Indian people with transgender identities include binary trans men and women, non-binary individuals, intersex individuals, cross-dressers and gender non-conforming individuals. They are also known by various local names such as ‘Hijra’, ‘Aravani’, ‘Kinnar’, ‘Kothi’, ‘Jogti’, ‘Jogappa’, ‘Khusra’ and ‘Shiv-Shakthi’. Historically, transgender individuals have existed as a culturally distinct community in India. However, they still struggle with discrimination and violence in every sphere of life.
Only in 2011, the Indian Census decided to count transgender people. The count came up to 4,90,000 transgender persons in the country. Of this, 55,000 were in the 0-6 years old bracket, a result that came from parents identifying their children as trans.
Having to put up with tremendous discrimination, trans and gender inquiring children are barely able to make it through each day. At school, they are bullied by peers and teachers. At home, their parents demand that they behave as per ‘gender norms’, otherwise face threatening and violent consequences, captivity, and social isolation. When they step out, they get bullied by local goons and police officers as well. They are also vulnerable to sexual violence even as children. Faced with difficulties at every turn, many trans children leave home in hopes of finding a place to call their own.
Like a trans woman by the name of Meera shared, “Ever since I came out to my parents, I have received nothing but grief from them. Even if they accept me in the future, I will never accept them.” The next time we met her, she had left home and was trying to make a living on her own.
Having to drop out of schools and colleges act as barriers to access to healthcare, social protection, and financial security. All social schemes and security plans require proof of citizenship and/or residence. Having fled home at an early age, most transgender individuals do not have their documents with them. Thus, they are unable to apply for jobs despite having the requisite qualifications that could provide them income and social security. The stigma associated with being trans also results in a narrow window of livelihood opportunities.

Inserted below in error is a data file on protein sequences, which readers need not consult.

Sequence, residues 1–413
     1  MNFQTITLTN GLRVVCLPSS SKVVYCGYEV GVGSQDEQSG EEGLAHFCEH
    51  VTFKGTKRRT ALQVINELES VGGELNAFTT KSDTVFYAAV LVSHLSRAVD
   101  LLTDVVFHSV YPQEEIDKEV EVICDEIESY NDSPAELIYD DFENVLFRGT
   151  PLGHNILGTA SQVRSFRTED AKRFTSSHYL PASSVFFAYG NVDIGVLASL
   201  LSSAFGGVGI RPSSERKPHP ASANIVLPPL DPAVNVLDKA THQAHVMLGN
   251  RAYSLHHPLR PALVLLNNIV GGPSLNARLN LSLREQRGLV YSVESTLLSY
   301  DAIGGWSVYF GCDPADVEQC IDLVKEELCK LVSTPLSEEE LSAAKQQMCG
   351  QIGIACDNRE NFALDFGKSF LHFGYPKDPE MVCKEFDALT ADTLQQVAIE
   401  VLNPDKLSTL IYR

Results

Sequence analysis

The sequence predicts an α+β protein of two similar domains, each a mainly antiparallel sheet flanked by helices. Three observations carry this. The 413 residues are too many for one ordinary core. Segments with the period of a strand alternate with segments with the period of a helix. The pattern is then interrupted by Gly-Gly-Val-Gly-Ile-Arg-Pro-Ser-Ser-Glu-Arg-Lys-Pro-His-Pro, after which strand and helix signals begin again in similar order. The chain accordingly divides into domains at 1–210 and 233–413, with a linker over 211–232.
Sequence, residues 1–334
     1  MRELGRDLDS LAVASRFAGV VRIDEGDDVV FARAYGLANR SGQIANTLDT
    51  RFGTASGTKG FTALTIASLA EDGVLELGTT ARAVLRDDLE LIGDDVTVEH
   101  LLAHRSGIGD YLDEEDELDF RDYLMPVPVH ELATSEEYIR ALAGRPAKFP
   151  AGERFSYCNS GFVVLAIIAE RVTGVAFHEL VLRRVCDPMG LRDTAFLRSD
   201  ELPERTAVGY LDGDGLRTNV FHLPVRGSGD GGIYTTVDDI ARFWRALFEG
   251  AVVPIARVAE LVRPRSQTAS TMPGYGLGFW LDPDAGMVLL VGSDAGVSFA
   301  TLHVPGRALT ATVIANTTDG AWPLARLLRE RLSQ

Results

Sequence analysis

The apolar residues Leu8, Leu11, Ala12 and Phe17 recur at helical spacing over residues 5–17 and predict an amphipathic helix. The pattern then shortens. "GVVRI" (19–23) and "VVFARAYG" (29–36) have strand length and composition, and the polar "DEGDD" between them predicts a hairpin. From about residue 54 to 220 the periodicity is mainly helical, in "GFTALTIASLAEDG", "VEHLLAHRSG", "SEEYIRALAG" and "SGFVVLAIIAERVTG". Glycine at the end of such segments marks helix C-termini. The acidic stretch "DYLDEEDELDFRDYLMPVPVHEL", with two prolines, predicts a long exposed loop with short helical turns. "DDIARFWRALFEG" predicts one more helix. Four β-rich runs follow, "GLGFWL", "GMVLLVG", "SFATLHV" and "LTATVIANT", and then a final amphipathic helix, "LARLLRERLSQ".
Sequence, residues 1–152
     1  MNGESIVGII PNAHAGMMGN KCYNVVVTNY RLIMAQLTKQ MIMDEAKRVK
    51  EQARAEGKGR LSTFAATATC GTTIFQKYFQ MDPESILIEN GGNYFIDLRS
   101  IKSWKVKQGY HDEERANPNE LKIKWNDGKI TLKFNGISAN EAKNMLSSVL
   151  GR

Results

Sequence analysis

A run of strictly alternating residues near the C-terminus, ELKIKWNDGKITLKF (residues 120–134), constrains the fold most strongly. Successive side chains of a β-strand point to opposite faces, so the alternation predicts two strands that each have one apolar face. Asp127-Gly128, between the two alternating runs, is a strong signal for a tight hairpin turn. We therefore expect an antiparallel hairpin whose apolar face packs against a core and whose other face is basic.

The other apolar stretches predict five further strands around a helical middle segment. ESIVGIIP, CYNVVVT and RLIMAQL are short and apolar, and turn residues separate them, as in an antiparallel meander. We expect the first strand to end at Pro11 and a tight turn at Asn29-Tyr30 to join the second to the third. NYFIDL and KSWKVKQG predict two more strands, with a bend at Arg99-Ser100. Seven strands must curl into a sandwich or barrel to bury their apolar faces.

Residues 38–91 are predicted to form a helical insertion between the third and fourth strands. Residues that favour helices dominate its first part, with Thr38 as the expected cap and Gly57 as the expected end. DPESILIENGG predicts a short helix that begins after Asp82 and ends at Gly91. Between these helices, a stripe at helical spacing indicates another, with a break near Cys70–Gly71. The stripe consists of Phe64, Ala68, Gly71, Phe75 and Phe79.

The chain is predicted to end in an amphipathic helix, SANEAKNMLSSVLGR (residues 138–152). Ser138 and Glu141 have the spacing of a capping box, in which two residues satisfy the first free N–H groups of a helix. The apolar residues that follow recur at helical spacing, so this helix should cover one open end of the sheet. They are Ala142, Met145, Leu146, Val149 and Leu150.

The census revealed that transgender individuals were more likely to be disadvantaged in education with only 46%, as compared to 74% of the general population, being literate. They were also more likely to be out of work with only 38% of the community, as compared to 46% in the general population, working. Only 65% of the total working population among transgender persons, as compared to 75% in the general population, found work for more than six months in the year.
There is no reason why transgender individuals should not have the full right to explore and discover their gender identities on their own terms. In India, the world’s largest democracy, more than 4,90,000 individuals live in fear, unable to realise even the most basic human rights. Their days are marred by abuse and violence, only because they do not conform to the society’s gender norms.
However, a lot can change if we want it to. A great starting point would be in ensuring safe spaces for trans people, acceptance within their families, workspaces, and communities and amplifying trans voices to articulate and overcome their marginalisation.
In our current age, where feelings of isolation, loneliness, and depression seem to be all pervasive among our peers, it is important for us to remind ourselves the value of being inclusive and encouraging everyone to accept themselves.